By MICHAEL T.BURKHART
Joe Cesare got all choked up when he spotted the USS New Jersey docked on the Camden Waterfront.
This weekend was the first time the Navy veteran from Elmira, N.Y., had seen the Big J in more than 55 years. The last time he laid eyes on the battleship, the nation was embroiled in World War II.
"Everything is beautiful," said Cesare, 80, who served as an electrician on the ship from 1942 to 1944. "It's hard to look at it and not choke up."
Sunday's invitation-only opening of the most decorated battleship in Navy history drew hundreds of veterans, many of them members of USS New Jersey Veterans Inc., who served on board during World War II as well as conflicts in Korea, Vietnam and Lebanon.
The New Jersey opens to the public this morning.
Edward Zaremba, 77, of Atkinson, N.H., hoped to find his old bunk room near the middle of the ship. But the hatch was sealed, the area still off-limits.
He remembers the first time he saw the ship at the Philadelphia Naval Shipyard, back in 1943, seven weeks before it was commissioned. The thing he remembers most is the ship's sheer enormity.
"When I saw the New Jersey, I said, `God has been good to me,'" said Zaremba, who served as an aft lookout. "I knew I was coming home alive."
Zaremba said he wished the ship would have been turned into a museum when it was decommissioned a decade ago. Instead, it deteriorated in storage before a decision was made to award the ship to New Jersey, and eventually the Home Port Alliance, the nonprofit group overseeing its its restoration in Camden.
"She looks wonderful," Zaremba said as he waited to board. "They did a beautiful job."
Joe DiMaria, of Virginia Beach, Va., served as a boiler technician from 1967 to 1969 during the Vietnam War. The steamy Southeast Asia weather made working in the steam boiler rooms even hotter than usual.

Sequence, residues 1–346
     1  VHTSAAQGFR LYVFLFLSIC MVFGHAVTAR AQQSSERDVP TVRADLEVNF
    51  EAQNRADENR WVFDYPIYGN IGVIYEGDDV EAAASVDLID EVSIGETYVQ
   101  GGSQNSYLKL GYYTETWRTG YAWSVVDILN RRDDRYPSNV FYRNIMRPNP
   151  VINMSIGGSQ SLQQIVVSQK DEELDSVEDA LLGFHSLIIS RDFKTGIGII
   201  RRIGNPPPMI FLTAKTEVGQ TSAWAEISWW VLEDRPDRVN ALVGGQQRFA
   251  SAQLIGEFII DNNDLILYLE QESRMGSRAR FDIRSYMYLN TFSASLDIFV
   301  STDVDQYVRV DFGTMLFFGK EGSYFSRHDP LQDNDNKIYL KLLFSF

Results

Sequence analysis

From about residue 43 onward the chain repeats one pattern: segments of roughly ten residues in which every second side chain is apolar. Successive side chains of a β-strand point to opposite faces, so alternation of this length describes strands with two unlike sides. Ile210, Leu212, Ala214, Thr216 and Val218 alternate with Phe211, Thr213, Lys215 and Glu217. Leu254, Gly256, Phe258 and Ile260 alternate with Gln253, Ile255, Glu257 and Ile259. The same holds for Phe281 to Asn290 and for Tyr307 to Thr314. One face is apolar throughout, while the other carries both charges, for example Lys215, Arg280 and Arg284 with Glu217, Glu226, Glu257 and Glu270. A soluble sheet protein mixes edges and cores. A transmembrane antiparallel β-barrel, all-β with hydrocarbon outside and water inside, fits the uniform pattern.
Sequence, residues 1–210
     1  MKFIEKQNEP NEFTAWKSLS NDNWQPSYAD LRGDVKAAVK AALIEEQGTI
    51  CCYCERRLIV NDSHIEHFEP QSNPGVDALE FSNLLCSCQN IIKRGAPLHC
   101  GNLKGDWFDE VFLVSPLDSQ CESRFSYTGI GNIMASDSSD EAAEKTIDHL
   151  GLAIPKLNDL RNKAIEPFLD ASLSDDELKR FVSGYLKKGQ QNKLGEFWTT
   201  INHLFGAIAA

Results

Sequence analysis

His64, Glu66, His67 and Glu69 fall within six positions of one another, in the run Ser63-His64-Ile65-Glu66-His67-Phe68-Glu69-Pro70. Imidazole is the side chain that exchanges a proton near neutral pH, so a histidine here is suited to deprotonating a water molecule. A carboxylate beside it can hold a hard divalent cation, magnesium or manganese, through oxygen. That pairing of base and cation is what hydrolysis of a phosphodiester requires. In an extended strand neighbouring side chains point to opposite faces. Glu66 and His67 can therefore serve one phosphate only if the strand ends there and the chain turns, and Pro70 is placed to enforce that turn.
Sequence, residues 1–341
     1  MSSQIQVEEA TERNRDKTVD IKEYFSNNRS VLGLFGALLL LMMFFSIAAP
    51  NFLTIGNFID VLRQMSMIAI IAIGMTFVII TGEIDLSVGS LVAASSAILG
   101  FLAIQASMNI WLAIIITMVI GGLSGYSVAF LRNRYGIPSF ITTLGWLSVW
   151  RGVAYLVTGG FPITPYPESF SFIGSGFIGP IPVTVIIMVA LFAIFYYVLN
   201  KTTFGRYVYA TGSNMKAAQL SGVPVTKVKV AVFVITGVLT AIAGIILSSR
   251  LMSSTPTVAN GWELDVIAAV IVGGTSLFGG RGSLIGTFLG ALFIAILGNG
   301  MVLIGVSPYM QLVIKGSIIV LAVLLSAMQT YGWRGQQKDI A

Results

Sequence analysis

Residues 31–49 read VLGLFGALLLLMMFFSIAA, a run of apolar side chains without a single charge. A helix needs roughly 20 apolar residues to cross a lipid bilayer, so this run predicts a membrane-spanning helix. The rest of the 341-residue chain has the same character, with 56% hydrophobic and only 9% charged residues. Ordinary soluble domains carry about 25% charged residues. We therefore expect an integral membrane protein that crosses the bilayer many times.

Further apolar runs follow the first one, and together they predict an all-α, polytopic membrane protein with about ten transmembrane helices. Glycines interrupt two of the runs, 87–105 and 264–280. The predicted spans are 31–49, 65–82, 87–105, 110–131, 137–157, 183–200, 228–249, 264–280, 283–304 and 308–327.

"Back then, the New Jersey was the biggest battleship around," said DiMaria, 57, who spent 30 years in the Navy. " Our commanding officer did what he wanted to do with it. It was there for a purpose and it served that purpose."
He saw the ship again in the 1980s and 1990s and was always impressed with its mass and power. The ship looks as good as ever, he said, taking in the view from the walkway near the Tweeter Center.
"It's just a pretty ship," he said. "When it pulls into port, people look at it."
Hank Dlugosz, 73, of Metuchen, was transferred to the New Jersey from the USS Missouri in February 1947, so he was familiar with the ship's size. The Missouri is from the same class of battleships as the New Jersey - the Iowa class, the biggest ever built at 887 feet long.
Sunday was the first time he had seen the New Jersey since 1947.
"It's still awesome," said Dlugosz, whose job on board was to help make drinking water from ocean water. "I just imagine all the guys who served on her."
With a crew of more than 3,000 people, most men knew few people outside their division. The ship, he said, was like a floating city.
The New Jersey helped give Americans the freedoms they enjoy today, said Robert H. Yancey Sr., past commander of the state Department of Disabled American Veterans. It's good to see the ship returned to its former glory, he said.
"It's fantastic," said Yancey, 76, who was on the New Jersey as it passed through the Panama Canal on its way home from Washington state two years ago. "This is something we've been looking forward to for a long time. We finally got it where we want it."
The ship's opening also brought people who helped build it 60 years ago across the Delaware River in the Philadelphia Naval Shipyard.
Leslie R. Heselton, 81, of Annapolis, Md., was a technician at the Navy yard who helped install the ship's fire suppression systems. He last saw the ship before it left for the coast of Lebanon in the early 1980s.
"People had a good sense of patriotism," he said, standing on the deck looking out over the Camden port area. "They wanted to get it built."
Bill Schill, 86, of Barrington, was an instructor in the Navy Yard's metal shop. He had top secret clearance from the government, working on the ship's storage areas inside the hull.
He remembers looking at the half-built ship in the dry dock and wondering how it would ever float with all that armor plating.
"Some of the armor plating is 16 inches thick," he said. "But the guys who designed it knew what they were doing. It's one of those things in life you ask, `How could it be possible?'"
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